RIVERSIDE (CNS) – A mining company that currently operates a 132-acre site south of Corona will ask the Board of Supervisors Tuesday to consider its application of “vested rights” to adjacent land, potentially expanding its surface mining operations to almost 1,000 acres, which many area residents oppose.
Robertson’s Ready Mix is seeking confirmation of its rights to 792 acres that surround its original 132-acre site on a hillside that has been used for extraction of rocks for decades south of Cajalco Road and east of Interstate 15, on the boundaries of the Dos Lagos Golf Course, in what’s known as the Temescal Wash, an unincorporated part of Riverside County.
“RRM’s vested activity is aggregate mining, which includes excavation, crushing, washing, sorting, stockpiling, loading, transporting and otherwise managing an aggregate surface and utilizing the equipment to do so,” according to a Department of Planning statement posted to the board’s Tuesday agenda.
Aggregate is used to build and improve roads, support dams and levees, construct railroads, as well as for commercial and residential construction projects.
Planning staff are recommending that the board deny the applicant’s confirmation of vested rights on 657 of the 792 acres, saying in a report that Robertson’s Ready Mix “has not shown by a preponderance of evidence that their predecessors in interest manifested an intent to extend surface mining activities … to the entire proposed vested rights area as of the 1949 vesting date.”
Stone quarries were first established in the area in the 1930s. According to county staff, changes in ownership of the parcels at issue raise doubts as to the legitimacy of RRM’s claims.
“The lack of mining on the property for the past 30 years, and the substantial investments exploring residential development constitute clear and convincing evidence of an intention … to abandon mining operations (on the 657 acres),” according to the Department of Planning.
The California Surface Mining Control & Reclamation Act of 1975 and Riverside County Ordinance No. 555, approved in 2019, are the primary laws governing mining operations locally and provide guidelines for determining vested rights.
RRM said in documents submitted to the board that “the geological and historical context of the mineral region” is vital in recognizing a vested right, and according to the company, the area in question has been rich in pit mines for almost the last century.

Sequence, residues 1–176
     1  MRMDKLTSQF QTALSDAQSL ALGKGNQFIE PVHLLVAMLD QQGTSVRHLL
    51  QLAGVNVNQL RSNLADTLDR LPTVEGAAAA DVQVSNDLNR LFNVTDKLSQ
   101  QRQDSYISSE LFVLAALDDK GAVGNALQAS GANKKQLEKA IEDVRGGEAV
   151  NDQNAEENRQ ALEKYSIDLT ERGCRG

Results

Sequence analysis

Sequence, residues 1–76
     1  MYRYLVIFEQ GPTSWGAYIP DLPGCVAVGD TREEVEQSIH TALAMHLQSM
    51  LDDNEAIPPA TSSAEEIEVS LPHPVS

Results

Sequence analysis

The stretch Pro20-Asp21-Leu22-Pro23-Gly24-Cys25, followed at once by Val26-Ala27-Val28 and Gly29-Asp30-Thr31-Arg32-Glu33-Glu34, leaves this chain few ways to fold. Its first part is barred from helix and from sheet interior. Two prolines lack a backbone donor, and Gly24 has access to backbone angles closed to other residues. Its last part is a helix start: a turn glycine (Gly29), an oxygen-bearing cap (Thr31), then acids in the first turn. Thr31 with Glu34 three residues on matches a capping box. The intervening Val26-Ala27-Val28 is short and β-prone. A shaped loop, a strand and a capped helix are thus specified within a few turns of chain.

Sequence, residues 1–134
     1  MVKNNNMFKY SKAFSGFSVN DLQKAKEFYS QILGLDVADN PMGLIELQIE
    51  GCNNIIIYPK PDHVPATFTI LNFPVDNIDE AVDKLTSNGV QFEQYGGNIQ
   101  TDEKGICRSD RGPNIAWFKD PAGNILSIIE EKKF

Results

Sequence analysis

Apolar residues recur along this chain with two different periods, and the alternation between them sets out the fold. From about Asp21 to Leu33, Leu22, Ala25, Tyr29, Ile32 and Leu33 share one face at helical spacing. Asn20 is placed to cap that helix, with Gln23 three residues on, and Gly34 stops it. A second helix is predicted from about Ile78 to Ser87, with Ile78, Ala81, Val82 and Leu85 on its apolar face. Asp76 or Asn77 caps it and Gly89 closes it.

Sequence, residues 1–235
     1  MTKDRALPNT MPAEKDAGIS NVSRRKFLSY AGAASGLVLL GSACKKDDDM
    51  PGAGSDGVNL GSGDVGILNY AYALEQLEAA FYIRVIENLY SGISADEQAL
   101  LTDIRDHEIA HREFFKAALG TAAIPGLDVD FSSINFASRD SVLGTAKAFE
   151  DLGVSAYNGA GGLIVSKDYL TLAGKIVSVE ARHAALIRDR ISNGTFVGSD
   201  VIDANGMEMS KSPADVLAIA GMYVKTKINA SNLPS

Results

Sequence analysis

“Under the well-established principle that vested rights are property rights that attach to and run with the land, RRM … has succeeded to the vested rights derived from the surface mining operations established under (prior) ownership,” the company said.
Residents with homes surrounding the existing mine expressed dismay that it might be expanded.
“We are original homeowners at Dos Lagos and have had to tolerate and endure RRM’s mining business for 16 years,” Bob Schuch wrote in an email to the Department of Planning. “The mine blasts have cracked our concrete, stucco, pipes and have caused considerable damage to our homes. The constant dirt we breath in, the construction noise around the clock is nonstop.”
Della Sewell said that her home backs up to the Dos Lagos Golf Course, and “we have had several problems and damages to our home due to the current mining, which include a $10,000 bill due to broken water pipes.”
“There are several cracks in concrete due to mining in this area, not to mention the monthly earthquake-like activity,” she said.
Justin and Cynara Hutchinson, who reside on Cabot Drive, wrote an extensive email, stating the “mining and explosions unreasonably interfere with the health, safety, welfare, use and enjoyment of our property and the surrounding public at large.”
“When we first purchased the home, we were told they would only be mining once a month, yet Robertson’s Ready Mix oftentimes mines and creates explosions several times a week,” the couple said. “My wife and I work from home, and this disturbance substantially interferes with the enjoyment and use of my property.”
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